Yes. This is indisputable because a cap changes behavior by creating a carbon price. If a certain cap causes the price to average $30/t, and a tax sets the carbon price at $30/t, the two policies will have the same effect. No consumer or businessman takes action because a cap is set at X million tons, rather they act because the cap makes it costly to emit carbon.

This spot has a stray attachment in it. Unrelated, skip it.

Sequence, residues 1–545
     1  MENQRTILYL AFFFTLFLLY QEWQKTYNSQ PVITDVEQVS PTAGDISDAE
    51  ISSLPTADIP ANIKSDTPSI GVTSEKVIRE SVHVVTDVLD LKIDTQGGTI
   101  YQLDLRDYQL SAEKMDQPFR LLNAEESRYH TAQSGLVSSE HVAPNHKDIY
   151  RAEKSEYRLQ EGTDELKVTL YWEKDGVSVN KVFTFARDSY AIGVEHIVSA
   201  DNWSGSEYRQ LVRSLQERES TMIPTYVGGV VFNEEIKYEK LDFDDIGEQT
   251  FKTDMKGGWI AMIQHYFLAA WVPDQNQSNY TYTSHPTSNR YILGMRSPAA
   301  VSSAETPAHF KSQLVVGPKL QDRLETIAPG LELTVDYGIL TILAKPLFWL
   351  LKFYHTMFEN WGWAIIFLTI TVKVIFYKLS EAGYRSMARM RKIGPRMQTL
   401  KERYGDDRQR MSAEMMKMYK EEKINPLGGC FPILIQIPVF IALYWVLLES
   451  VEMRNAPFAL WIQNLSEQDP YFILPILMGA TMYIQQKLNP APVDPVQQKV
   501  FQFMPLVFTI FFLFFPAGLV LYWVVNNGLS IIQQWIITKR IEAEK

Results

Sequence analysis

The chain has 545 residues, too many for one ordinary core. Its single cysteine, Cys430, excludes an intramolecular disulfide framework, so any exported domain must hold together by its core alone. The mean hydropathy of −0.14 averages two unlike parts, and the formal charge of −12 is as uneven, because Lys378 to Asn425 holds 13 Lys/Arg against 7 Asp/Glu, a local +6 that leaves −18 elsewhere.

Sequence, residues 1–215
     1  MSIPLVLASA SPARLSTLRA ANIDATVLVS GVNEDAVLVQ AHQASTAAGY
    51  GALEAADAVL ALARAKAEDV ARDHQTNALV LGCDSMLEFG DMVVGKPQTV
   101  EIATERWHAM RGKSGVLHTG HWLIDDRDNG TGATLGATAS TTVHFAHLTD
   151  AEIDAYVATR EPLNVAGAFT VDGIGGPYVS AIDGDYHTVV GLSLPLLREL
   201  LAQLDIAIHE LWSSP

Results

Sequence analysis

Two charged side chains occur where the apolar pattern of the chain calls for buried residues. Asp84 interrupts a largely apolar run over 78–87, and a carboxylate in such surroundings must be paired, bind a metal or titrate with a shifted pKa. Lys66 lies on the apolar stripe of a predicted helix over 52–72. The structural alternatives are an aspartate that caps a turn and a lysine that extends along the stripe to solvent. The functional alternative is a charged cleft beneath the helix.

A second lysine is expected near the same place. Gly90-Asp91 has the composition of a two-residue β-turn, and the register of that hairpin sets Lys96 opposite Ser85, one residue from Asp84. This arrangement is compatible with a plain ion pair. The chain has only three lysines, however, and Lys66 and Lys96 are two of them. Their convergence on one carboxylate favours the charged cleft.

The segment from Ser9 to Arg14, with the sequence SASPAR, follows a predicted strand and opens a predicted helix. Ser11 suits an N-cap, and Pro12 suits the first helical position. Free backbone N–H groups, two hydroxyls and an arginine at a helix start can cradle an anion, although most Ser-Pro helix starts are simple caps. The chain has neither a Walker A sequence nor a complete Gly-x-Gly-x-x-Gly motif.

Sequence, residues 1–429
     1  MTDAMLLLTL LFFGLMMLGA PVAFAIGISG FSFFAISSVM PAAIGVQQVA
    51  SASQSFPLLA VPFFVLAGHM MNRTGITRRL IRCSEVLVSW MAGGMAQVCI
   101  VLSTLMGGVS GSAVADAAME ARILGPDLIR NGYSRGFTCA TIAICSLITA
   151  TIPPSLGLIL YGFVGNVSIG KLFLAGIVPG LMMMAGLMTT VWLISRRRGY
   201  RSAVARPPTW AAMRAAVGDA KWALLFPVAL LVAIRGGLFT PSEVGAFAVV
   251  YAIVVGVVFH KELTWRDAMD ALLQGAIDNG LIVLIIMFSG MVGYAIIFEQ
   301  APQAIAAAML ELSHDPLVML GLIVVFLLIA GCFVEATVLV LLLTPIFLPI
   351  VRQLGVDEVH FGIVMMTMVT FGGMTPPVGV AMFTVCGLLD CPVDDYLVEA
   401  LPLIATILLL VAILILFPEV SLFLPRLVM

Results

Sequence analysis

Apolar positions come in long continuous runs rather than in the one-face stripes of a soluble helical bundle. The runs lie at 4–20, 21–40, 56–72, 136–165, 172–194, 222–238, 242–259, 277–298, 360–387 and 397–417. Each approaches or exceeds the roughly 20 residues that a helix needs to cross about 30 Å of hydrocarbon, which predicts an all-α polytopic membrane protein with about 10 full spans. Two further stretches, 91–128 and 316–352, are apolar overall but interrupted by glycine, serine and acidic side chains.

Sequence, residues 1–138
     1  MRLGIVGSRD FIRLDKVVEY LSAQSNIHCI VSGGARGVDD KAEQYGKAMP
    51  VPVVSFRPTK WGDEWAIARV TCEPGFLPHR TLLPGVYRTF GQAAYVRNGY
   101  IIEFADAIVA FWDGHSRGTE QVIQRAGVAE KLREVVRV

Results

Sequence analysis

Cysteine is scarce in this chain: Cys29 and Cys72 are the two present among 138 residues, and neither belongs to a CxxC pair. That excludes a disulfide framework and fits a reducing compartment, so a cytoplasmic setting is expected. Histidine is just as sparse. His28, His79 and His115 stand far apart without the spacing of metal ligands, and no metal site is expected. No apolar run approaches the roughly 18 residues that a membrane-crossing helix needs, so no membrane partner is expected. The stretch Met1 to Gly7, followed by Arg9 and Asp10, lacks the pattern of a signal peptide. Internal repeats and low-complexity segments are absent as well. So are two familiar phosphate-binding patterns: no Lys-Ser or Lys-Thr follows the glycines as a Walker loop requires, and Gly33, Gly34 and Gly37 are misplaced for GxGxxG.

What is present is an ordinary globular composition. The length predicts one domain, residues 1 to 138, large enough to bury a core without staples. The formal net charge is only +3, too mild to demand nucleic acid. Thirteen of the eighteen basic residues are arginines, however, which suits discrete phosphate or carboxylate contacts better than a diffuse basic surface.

In fact, the EU is so upset with the price uncertainty caused by its ETS cap that it is now (22 Jan 2015) trying (unsuccessfully) to implement a “market stability reserve” which would periodically adjust the cap to produce a reasonably stable price. In other words it would almost turn the cap into a tax. (Financial Times, Guardian)